Background The travel distance from home to a treatment centre, which may impact the stage at diagnosis, has not been investigated for retinoblastoma, the most common childhood eye cancer. We aimed to investigate the travel burden and its impact on clinical presentation in a large sample of patients with retinoblastoma from Africa and Europe.
Methods A cross-sectional analysis including 518 treatment-naïve patients with retinoblastoma residing in 40 European countries and 1024 treatment-naïve patients with retinoblastoma residing in 43 African countries.
Results Capture rate was 42.2% of expected patients from Africa and 108.8% from Europe. African patients were older (95% CI −12.4 to −5.4, p<0.001), had fewer cases of familial retinoblastoma (95% CI 2.0 to 5.3, p<0.001) and presented with more advanced disease (95% CI 6.0 to 9.8, p<0.001); 43.4% and 15.4% of Africans had extraocular retinoblastoma and distant metastasis at the time of diagnosis, respectively, compared to 2.9% and 1.0% of the Europeans. To reach a retinoblastoma centre, European patients travelled 421.8 km compared to Africans who travelled 185.7 km (p<0.001). On regression analysis, lower-national income level, African residence and older age (p<0.001), but not travel distance (p=0.19), were risk factors for advanced disease.
Conclusions Fewer than half the expected number of patients with retinoblastoma presented to African referral centres in 2017, suggesting poor awareness or other barriers to access. Despite the relatively shorter distance travelled by African patients, they presented with later-stage disease. Health education about retinoblastoma is needed for carers and health workers in Africa in order to increase capture rate and promote early referral.
Statistics from Altmetric.com
If you wish to reuse any or all of this article please use the link below which will take you to the Copyright Clearance Center’s RightsLink service. You will be able to get a quick price and instant permission to reuse the content in many different ways.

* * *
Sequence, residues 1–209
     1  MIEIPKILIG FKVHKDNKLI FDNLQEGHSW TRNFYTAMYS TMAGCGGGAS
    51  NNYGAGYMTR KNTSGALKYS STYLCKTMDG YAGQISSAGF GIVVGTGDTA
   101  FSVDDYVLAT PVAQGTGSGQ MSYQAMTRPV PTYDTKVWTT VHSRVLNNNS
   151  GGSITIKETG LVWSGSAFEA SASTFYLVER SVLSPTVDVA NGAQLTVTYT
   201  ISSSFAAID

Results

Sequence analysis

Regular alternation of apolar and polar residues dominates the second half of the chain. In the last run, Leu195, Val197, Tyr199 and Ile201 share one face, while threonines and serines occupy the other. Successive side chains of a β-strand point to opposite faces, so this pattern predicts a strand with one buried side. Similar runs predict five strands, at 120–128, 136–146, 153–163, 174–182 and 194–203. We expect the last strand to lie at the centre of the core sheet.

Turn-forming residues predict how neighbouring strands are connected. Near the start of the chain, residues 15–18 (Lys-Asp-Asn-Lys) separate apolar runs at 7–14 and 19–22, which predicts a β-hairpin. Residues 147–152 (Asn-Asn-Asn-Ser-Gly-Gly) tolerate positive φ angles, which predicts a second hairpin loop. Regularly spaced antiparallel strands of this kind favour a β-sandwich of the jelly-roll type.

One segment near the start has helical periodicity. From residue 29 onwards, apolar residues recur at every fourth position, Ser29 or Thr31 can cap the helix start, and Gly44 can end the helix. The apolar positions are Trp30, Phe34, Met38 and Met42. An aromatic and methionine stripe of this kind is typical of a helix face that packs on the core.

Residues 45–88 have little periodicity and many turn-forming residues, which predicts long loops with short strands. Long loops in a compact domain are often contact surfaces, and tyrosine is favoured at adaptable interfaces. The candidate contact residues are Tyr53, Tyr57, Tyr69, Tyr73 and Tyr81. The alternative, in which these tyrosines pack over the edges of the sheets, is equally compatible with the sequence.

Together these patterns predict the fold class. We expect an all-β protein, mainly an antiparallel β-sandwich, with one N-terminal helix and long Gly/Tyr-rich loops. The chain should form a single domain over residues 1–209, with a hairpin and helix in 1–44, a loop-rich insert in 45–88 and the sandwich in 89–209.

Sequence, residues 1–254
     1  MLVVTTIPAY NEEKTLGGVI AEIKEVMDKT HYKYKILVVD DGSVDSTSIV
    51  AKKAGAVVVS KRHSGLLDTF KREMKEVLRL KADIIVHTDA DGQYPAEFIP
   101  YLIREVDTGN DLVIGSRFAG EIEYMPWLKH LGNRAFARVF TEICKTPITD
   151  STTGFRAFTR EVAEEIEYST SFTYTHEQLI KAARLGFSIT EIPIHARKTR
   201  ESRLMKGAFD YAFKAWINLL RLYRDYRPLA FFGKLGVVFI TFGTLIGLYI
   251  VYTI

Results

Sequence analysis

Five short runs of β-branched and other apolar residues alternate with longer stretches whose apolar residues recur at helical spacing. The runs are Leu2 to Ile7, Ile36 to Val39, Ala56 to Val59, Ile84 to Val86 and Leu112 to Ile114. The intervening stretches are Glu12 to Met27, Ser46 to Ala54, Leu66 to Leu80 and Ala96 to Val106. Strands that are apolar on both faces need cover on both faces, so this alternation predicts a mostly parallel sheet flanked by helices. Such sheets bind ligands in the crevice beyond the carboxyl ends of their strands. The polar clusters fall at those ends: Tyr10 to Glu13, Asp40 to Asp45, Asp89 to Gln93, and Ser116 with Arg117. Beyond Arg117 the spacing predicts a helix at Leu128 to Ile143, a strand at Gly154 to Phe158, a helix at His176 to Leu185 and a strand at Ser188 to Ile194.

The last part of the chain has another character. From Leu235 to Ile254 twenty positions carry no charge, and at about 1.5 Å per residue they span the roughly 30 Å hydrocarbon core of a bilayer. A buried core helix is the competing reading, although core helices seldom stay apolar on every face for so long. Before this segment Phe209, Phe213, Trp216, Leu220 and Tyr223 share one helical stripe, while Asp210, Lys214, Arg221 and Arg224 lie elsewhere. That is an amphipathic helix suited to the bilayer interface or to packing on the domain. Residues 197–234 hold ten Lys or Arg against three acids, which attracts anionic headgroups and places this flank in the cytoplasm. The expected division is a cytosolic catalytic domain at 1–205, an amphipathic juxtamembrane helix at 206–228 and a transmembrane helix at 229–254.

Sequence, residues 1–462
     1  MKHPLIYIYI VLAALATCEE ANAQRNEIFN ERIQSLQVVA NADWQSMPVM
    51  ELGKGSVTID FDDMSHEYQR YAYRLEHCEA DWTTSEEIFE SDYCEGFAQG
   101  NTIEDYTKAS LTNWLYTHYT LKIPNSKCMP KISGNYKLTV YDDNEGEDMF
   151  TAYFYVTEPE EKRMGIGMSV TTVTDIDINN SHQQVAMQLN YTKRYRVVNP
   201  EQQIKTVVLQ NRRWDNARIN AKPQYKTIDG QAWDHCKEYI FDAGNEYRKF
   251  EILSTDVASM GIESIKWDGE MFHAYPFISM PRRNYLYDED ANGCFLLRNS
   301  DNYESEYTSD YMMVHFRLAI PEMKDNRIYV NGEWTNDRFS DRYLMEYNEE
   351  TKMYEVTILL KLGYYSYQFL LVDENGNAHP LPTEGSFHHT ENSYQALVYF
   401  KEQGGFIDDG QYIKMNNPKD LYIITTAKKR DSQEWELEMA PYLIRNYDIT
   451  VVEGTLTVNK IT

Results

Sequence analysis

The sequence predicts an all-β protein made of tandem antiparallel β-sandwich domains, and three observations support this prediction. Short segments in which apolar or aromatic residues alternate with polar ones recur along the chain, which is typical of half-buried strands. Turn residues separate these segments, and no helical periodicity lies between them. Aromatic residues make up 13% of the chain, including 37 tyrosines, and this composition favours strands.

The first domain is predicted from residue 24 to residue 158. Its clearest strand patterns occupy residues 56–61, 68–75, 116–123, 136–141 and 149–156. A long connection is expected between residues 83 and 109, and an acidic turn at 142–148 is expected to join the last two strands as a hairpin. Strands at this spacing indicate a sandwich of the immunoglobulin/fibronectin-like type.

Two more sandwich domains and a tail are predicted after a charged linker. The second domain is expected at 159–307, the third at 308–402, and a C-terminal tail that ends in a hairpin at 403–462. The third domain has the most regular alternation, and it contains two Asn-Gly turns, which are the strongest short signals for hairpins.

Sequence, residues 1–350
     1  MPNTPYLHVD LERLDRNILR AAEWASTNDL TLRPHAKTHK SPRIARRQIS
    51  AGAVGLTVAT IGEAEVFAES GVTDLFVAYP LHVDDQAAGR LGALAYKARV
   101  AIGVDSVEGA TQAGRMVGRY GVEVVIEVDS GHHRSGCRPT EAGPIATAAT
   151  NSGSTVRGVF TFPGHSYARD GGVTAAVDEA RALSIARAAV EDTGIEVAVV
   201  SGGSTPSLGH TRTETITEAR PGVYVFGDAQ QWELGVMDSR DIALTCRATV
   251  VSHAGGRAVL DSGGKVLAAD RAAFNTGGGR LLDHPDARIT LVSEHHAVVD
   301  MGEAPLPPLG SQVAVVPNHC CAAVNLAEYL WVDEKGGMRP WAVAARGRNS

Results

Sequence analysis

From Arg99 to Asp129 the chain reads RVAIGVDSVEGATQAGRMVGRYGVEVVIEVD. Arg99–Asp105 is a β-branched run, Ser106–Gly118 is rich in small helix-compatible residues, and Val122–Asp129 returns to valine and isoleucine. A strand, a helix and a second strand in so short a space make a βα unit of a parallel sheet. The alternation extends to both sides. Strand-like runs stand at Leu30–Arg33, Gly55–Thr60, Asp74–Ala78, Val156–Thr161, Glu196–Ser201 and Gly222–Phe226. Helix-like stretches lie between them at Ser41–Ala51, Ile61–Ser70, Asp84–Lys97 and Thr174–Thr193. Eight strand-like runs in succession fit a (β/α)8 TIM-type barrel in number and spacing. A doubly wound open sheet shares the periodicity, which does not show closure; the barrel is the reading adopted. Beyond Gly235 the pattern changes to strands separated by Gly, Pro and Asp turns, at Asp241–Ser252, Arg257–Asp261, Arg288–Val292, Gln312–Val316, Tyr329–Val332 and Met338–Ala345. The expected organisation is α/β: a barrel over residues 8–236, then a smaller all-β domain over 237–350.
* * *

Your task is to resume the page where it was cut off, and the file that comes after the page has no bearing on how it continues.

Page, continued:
Contributors Conception and design: IDF, AF, RB. Administrative support: CB, MZ. Collection and assembly of data: all authors. Data analysis and interpretation: IDF, NC, AF, TTK, FLM, MAR, MSS, ASS. Statistical analysis: AWS. Manuscript drafting: IDF, AF, AWS, RB. Critical revision of the manuscript for important intellectual content: all authors. Final approval of manuscript: all authors. Accountable for all aspects of the work: all authors.
Funding The authors have not declared a specific grant for this research from any funding agency in the public, commercial or not-for-profit sectors.
Competing interests None declared.
Ethics approval The study was approved by the Institutional Review Board of the London School of Hygiene & Tropical Medicine (reference number 14574).
Provenance and peer review Not commissioned; externally peer reviewed.
Data availability statement Data are available in a public, open-access repository.
Supplemental material This content has been supplied by the author(s). It has not been vetted by BMJ Publishing Group Limited (BMJ) and may not have been peer-reviewed. Any opinions or recommendations discussed are solely those of the author(s) and are not endorsed by BMJ. BMJ disclaims all liability and responsibility arising from any reliance placed on the content. Where the content includes any translated material, BMJ does not warrant the accuracy and reliability of the translations (including but not limited to local regulations, clinical guidelines, terminology, drug names and drug dosages), and is not responsible for any error and/or omissions arising from translation and adaptation or otherwise.